gms | German Medical Science

62nd Annual Meeting of the German Society of Neurosurgery (DGNC)
Joint Meeting with the Polish Society of Neurosurgeons (PNCH)

German Society of Neurosurgery (DGNC)

7 - 11 May 2011, Hamburg

Intraoperative ASSR monitoring in CPA surgery

Meeting Abstract

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  • S. Rampp - Klinik und Poliklinik für Neurochirurgie, Universitätsklinikum Halle-Wittenberg, Halle/Saale
  • L. Rensch - Klinik und Poliklinik für Neurochirurgie, Universitätsklinikum Halle-Wittenberg, Halle/Saale
  • C. Strauss - Klinik und Poliklinik für Neurochirurgie, Universitätsklinikum Halle-Wittenberg, Halle/Saale
  • J. Prell - Klinik und Poliklinik für Neurochirurgie, Universitätsklinikum Halle-Wittenberg, Halle/Saale

Deutsche Gesellschaft für Neurochirurgie. Polnische Gesellschaft für Neurochirurgen. 62. Jahrestagung der Deutschen Gesellschaft für Neurochirurgie (DGNC), Joint Meeting mit der Polnischen Gesellschaft für Neurochirurgen (PNCH). Hamburg, 07.-11.05.2011. Düsseldorf: German Medical Science GMS Publishing House; 2011. DocDI.06.08

DOI: 10.3205/11dgnc141, URN: urn:nbn:de:0183-11dgnc1419

Published: April 28, 2011

© 2011 Rampp et al.
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Outline

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Objective: For intraoperative monitoring of cochlear nerve nerve function in vestibular schwannoma surgery, auditory evoked potentials (BAEP) have been the method of choice for many years. However, BAEP provide only limited information regarding hearing quality. In contrast, intraoperative audiometry can detect the remaining but qualitatively insufficient hearing and enable adaption of the surgical procedure. The “Auditory Steady State Response” (ASSR), provides an objective audiogram. Clinical studies investigating ASSR under total intravenous anesthesia (TIVA) have not been performed. The presented study aims to evaluate the detectability of ASSR under TIVA in humans.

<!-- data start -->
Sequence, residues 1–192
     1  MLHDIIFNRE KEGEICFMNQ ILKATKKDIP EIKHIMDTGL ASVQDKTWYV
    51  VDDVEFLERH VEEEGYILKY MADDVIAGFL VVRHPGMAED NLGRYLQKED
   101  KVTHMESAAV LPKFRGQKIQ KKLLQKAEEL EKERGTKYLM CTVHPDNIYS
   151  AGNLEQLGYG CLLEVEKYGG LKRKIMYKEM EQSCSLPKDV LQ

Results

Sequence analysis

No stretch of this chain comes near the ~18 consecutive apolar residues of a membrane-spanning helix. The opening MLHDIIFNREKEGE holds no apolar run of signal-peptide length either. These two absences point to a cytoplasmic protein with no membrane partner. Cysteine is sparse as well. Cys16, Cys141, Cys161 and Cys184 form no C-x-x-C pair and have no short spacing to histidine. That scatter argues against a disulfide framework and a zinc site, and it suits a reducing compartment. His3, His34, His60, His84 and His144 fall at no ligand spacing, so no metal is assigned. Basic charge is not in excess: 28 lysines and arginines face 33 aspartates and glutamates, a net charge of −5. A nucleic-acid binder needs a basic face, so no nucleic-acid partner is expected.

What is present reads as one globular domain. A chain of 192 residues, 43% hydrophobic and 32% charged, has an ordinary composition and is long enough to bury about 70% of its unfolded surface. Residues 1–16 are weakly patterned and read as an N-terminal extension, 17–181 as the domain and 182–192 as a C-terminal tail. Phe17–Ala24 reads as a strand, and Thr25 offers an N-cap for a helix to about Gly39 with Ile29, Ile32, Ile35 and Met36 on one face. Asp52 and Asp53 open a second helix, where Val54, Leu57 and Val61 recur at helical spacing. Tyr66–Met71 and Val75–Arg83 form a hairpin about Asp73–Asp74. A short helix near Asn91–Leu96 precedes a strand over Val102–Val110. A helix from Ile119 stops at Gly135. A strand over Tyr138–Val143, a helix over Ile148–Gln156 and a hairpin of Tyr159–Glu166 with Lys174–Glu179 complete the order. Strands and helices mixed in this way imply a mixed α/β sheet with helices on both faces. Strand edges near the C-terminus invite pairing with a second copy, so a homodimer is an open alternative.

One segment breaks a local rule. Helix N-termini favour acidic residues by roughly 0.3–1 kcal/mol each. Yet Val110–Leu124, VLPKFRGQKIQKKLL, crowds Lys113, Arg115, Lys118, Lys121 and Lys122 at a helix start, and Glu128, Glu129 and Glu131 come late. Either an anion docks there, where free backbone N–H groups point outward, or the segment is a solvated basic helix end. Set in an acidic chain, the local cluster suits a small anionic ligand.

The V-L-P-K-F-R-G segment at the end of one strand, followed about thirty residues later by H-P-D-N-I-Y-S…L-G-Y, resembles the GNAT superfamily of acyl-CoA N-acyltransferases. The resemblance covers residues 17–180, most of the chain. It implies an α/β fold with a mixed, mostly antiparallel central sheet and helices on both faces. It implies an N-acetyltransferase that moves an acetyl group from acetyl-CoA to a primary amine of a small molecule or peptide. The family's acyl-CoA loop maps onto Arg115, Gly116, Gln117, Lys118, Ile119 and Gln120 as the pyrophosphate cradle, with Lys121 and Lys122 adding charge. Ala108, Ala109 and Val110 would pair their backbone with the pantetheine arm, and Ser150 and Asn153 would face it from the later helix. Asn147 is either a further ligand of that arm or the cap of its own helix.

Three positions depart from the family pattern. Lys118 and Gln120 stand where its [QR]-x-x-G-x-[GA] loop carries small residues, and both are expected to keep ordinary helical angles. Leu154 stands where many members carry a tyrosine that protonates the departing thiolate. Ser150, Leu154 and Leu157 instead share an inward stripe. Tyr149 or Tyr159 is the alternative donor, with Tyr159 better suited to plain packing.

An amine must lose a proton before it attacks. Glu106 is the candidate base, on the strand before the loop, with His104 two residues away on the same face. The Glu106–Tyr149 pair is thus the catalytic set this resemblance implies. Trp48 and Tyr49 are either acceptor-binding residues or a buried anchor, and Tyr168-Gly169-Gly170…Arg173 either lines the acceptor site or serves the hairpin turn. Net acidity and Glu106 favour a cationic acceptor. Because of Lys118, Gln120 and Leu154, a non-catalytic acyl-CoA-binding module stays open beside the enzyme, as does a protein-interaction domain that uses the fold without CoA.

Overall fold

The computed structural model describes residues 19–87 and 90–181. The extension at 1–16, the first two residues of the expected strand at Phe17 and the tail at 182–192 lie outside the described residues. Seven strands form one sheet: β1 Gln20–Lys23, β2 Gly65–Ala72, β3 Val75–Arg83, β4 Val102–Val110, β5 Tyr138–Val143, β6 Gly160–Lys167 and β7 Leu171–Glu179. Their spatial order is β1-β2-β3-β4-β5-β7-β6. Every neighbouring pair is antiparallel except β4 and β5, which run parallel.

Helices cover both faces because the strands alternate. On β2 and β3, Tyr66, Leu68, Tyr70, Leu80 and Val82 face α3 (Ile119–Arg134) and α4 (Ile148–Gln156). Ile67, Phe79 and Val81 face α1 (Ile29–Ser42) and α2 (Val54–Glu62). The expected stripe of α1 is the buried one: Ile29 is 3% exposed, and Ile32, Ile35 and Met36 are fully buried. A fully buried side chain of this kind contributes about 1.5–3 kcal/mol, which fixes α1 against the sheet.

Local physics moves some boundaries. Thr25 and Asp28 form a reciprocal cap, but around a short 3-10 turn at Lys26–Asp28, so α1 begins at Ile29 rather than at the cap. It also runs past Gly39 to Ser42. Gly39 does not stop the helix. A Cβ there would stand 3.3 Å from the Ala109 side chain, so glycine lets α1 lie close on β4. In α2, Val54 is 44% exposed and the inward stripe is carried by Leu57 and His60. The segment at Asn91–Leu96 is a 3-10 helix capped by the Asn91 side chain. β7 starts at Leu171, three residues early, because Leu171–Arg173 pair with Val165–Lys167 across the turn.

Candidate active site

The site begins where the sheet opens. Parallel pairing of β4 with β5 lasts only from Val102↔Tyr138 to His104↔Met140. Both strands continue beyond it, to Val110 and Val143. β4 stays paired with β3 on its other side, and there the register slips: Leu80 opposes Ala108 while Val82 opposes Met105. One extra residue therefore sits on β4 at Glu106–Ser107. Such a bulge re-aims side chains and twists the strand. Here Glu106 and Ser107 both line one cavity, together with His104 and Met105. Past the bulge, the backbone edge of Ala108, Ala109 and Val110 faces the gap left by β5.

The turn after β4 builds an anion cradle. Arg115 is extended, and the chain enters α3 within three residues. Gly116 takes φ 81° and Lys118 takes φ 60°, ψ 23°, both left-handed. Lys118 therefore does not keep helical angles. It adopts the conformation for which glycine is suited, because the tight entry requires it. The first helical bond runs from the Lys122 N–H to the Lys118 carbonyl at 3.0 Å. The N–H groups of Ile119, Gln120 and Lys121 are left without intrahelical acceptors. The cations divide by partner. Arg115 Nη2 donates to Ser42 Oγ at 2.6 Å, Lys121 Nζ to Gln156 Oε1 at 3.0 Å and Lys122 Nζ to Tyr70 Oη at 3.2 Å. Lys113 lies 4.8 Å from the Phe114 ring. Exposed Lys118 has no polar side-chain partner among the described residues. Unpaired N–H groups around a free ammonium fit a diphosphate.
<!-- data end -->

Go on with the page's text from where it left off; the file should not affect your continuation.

Methods: During craniotomy in 7 normal hearing patients under TIVA, the ASSR was recorded with a two channel EEG construction (right/left mastoid vs. vertex). As auditory stimuli, 1 minute long 1000Hz sinus tones were used (60, 70, and 80dBSPL) which were amplitude-modulated with either 40, 90 or 110Hz. Stimulation was applied monauraly to the left and to the right ear without masking of the contralateral ear, as well as binauraly. Frequency spectra were calculated from the evoked EEG. ASSR responses at 40/90/110Hz were evaluated and compared to neighboring frequency ranges using the statistical procedure described by John et al, 2001.

Results: In all patients, statistically significant ASSR responses (p<0.05; test according to John et al., 2001) could be observed at 90 and 110Hz, however not at 40Hz. Sound pressure level of the stimuli were significantly correlated to the ASSR response amplitude (left side: p<0.05, r=0.48; right side: p<0.01, r=0.52; pearson correlation). Furthermore, laterality of responses correlated strongly with the side of stimulation (left, right, binaural; p<0.0001, r=0.67; spearman's rho).

Conclusions: Our preliminary results show that 90/110Hz ASSR responses which are present in humans under TIVA are in line with results from previous studies in awake patients. Further work on frequency specificity and comparison to extraoperative pure tone audiometry may enable application of ASSR for intraoperative qualitative hearing monitoring of the cochlear nerve.